How to Cook Spaghetti

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Cooking perfect spaghetti is not difficult, but it does require some attention and precision. You might also have to unlearn some common mistakes that can compromise the quality of a pasta dish. Learn these tips and you will know the secret of perfectly cooked pasta that doesn't stick to itself or the pan.

Traditional Method

  • Start with a large pot. Without enough room to grow, pasta will become sticky or gummy. The Smithsonian's recommendation for one pound of pasta is a 6- to 8-quart pot filled with 4 to 5 quarts of water. Bring the water to a rolling boil. It's essential to place spaghetti in very hot water and also to quickly bring the cooking water back to a full boil, says DeLallo.com. To do this, cover the pot after stirring in the spaghetti. When it returns to a boil, remove the lid and stir again. Stirring often, especially in the first few minutes of cooking, keeps the noodles from sticking to each other or the pot.

The Salt Effect

  • In the traditional method, you cook pasta in heavily salted water to enhance flavor from the inside. DeLallo.com recommends 2 tablespoons of coarse salt or 1/4 cup of table salt. You can use less if you are on a low-sodium diet. Skipping it all together could lead to less flavorful spaghetti, but it will not affect the texture or make it sticky. The idea that salt is used to make the water boil faster has also been discredited; adding salt makes only a negligible difference in that regard.

Draining the Spaghetti

  • Start tasting the noodles at 15- to 20-second intervals a few minutes before the recommended cook time. Drain when they reach desired texture, which should be just a little undercooked, or al dente. Reserve some of the starchy cooking water to add to your sauce; it will add flavor and also help bind the sauce to the pasta. Do not rinse the spaghetti after you drain it; this washes away the starchiness on the surface of the noodle. It is this starchiness that helps the sauce cling to it. For this reason, you also should not coat the noodles with oil or even add oil to the cooking pot. While oil prevents the pasta from sticking, it does so only at a price: Your sauce will also slide right off the spaghetti. This is relevant, however, only if you are using a non-oil-based sauce.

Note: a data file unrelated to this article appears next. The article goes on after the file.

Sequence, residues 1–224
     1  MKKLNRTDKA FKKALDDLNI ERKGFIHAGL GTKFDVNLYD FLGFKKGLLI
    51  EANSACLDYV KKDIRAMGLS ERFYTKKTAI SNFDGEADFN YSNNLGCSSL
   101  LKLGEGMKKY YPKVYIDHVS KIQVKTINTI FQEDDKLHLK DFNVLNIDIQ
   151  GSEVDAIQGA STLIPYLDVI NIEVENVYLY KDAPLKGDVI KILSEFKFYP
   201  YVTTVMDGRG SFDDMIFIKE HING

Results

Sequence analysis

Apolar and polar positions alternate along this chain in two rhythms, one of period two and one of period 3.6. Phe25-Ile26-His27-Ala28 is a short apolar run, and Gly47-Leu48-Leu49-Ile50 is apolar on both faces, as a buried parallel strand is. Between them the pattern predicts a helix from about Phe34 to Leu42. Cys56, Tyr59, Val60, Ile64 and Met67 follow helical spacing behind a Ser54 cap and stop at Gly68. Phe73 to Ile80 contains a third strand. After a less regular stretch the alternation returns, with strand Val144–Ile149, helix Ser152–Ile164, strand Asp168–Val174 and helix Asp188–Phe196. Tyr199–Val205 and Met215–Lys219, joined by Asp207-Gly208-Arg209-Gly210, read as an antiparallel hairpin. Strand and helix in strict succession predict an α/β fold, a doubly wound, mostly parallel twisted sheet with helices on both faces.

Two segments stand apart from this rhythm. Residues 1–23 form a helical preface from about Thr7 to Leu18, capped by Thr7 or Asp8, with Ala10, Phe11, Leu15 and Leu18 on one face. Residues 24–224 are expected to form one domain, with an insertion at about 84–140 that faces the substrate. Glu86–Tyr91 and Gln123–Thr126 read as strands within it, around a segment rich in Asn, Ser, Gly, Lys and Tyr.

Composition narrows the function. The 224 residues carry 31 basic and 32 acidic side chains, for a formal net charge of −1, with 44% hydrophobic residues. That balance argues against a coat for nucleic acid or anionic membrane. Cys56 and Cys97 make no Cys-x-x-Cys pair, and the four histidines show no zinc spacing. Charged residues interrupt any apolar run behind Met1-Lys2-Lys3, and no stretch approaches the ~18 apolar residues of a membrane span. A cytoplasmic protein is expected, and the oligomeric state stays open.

Adding Sauce

  • Photographs of your food might look prettier if you place a large scoop of sauce on top, but your dish will taste better if you mix sauce and pasta together. This mixing allows the flavors to blend. You can help your spaghetti soak up even more flavor by letting it cook a few minutes in the sauce. Drain the noodles 4 minutes before the recommended cook time. Then add them to sauce set at a low simmer for an additional 2 or 3 minutes.

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